ESPN 50th Annual Meeting

ESPN 2017


 
Multi-drug resistant CMV viremia secondary to a rare viral mutation in paediatric kidney transplant recipient successfully treated with anti-proliferative cessation and immunoglobulins
RACHEL FOLWELL 1 GRAINNE WALSH 1 HELEN E JONES 1 EITHNE MACMAHON 2 JELENA STOJANOVIC 1

1- EVELINA LONDON CHILDRENS HOSPITAL, LONDON, UK
2- GUYS AND ST THOMAS NHS FOUNDATION TRUST,LONDON,UK
 
Introduction:

International Transplant Society for CMV Consensus Group advises ganciclovir, valganciclovir and foscarnet as treatment for CMV in transplant recipients. Viral DNA polymerase resistance mutations are rare but may be associated with cross resistance. We report a rare CMV mutation associated with resistance to all available medications in a CMV seronegative recipient treated with immunosuppression dose reduction and IVIG.

Material and methods:

Retrospective data analysis from medical records.

Results:

Sixteen year old girl with ESRD due to Alport Syndrome received deceased donor kidney transplant (mismatch 120, CMV Donor+/Recipient- , EBV Donor-/Recipient+). She received basilixumab on induction and her maintanance immunosuppression included tacrolimus, azathioprine and prednisolone. As per our centre protocol, she was started on valganciclovir prophylaxis for 90 days. Two months post-transplant, whilst on valganciclovir prophylaxis, she developed CMV viremia. Viral loads continued to rise (highest log 5.41) despite the treatment dose intravenous ganciclovir. She was found to have a rare CMV UL 54 mutation (POL gene deletion 981/982), associated with multidrug resistance. She had no evidence of CMV disease and stable graft function, and was managed with cessation of azathioprine and intravenous immunoglobulins (IVIG). CMV IgM was positive at 4 months, with IgG seroconversion demonstrated at 9 months post transplant with CMV PCR not detected from month 9 onwards. She developed borderline T cell mediated rejection successfully treated with high dose of oral prednisolone. Eighteen months post transplant, patient is well with stable graft function (estimated GFR 69ml/min/1.73m2) on CNI inhibitor and daily prednisolone only. Donor specific antibodies are not detected. To date, cytotoxic T cell response to CMV is negative but CMV remains undetectable.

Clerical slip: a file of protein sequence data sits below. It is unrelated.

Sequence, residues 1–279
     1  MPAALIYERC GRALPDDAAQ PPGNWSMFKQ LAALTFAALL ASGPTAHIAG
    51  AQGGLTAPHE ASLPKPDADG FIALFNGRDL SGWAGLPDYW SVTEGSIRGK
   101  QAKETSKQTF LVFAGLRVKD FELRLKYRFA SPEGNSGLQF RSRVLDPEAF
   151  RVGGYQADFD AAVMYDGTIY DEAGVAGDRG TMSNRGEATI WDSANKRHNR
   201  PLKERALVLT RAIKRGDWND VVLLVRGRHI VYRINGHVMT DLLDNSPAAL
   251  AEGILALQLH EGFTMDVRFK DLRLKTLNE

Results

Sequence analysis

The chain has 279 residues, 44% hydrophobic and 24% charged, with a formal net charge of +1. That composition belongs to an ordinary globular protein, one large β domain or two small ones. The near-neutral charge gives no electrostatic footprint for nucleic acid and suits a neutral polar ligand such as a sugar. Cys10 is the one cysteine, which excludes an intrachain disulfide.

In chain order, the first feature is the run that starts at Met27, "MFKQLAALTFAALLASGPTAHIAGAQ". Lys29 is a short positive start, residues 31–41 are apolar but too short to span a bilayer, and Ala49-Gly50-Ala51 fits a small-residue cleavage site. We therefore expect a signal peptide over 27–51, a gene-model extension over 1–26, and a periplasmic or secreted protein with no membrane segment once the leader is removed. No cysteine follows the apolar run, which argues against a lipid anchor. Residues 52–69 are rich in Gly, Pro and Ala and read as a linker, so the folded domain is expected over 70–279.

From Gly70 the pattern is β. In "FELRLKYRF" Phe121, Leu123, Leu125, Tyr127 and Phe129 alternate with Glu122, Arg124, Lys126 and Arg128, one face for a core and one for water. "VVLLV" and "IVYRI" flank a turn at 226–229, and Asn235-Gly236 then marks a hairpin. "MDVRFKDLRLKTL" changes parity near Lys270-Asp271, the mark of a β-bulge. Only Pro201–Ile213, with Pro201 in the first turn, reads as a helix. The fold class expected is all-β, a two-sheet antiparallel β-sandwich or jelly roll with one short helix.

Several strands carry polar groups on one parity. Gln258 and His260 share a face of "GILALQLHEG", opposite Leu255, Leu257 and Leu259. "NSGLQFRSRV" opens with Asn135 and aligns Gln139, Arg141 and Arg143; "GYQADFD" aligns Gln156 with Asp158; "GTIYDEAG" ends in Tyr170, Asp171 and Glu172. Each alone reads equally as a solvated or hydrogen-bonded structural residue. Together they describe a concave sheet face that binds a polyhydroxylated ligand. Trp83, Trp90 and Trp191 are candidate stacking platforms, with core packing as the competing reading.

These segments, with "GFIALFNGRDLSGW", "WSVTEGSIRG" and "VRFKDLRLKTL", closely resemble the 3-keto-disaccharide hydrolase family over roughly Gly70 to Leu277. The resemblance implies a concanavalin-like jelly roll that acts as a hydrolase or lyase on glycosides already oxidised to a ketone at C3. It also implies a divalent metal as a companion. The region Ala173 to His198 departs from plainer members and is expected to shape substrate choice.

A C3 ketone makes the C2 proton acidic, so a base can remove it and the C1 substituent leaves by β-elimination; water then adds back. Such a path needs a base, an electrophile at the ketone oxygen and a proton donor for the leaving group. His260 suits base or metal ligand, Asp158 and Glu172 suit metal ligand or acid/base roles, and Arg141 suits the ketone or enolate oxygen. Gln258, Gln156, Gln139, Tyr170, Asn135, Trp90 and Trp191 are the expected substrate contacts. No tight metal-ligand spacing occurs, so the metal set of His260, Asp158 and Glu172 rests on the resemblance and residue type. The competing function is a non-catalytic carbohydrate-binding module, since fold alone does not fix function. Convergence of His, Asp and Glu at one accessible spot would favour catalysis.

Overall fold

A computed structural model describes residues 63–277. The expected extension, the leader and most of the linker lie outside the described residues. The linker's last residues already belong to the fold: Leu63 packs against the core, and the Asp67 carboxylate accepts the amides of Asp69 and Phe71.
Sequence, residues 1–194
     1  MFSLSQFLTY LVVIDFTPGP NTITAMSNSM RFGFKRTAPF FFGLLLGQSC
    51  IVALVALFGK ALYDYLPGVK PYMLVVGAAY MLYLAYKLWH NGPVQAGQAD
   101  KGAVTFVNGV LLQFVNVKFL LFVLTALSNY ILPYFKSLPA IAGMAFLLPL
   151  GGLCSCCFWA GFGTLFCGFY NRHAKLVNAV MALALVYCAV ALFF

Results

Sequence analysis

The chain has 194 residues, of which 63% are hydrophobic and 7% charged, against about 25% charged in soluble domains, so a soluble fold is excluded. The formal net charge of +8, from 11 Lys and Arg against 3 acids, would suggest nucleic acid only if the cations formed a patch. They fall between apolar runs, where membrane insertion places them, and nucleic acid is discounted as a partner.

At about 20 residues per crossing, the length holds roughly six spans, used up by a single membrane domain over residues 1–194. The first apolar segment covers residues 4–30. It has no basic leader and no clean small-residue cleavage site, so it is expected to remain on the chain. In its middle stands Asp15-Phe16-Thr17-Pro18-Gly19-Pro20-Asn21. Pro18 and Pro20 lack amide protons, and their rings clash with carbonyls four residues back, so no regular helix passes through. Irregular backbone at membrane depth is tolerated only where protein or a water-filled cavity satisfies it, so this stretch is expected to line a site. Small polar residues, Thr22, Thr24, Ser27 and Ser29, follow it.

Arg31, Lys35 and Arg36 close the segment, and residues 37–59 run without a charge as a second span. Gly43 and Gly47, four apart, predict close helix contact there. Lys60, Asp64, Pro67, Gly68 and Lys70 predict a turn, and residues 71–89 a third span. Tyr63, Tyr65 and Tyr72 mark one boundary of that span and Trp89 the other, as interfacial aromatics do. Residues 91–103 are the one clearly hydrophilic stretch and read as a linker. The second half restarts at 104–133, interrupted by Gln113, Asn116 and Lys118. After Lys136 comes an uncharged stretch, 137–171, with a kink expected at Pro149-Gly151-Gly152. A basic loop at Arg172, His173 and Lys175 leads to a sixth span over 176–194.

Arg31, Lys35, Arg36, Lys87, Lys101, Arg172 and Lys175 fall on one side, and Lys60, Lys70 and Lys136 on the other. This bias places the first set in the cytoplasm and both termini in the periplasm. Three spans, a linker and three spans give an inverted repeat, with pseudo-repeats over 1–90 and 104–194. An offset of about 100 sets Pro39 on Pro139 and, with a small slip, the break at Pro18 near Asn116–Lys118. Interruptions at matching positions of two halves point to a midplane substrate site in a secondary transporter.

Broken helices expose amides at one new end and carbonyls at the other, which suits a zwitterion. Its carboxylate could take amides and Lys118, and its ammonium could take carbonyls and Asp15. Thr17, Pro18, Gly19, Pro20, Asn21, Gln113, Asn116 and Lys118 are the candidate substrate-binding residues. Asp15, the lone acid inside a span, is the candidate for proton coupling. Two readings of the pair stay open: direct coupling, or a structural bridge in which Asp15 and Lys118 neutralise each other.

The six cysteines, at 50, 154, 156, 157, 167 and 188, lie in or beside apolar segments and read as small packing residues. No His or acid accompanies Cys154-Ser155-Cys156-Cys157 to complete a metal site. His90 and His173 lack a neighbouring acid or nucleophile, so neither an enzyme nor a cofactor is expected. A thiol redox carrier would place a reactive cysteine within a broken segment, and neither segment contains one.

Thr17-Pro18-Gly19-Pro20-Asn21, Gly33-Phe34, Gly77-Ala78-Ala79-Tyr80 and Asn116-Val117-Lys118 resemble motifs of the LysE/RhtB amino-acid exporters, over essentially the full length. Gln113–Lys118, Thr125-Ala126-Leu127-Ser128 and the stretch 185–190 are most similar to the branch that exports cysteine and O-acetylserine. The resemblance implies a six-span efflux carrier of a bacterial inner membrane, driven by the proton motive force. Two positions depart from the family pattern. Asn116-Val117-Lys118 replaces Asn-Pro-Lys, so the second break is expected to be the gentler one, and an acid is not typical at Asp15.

Conclusions:

We report a case of multidrug resistant CMV viremia in a transplant recipient with primary CMV infection, managed with IVIG and cessation of anti-proliferative agent only with excellent patient outcome including preservation of good graft function.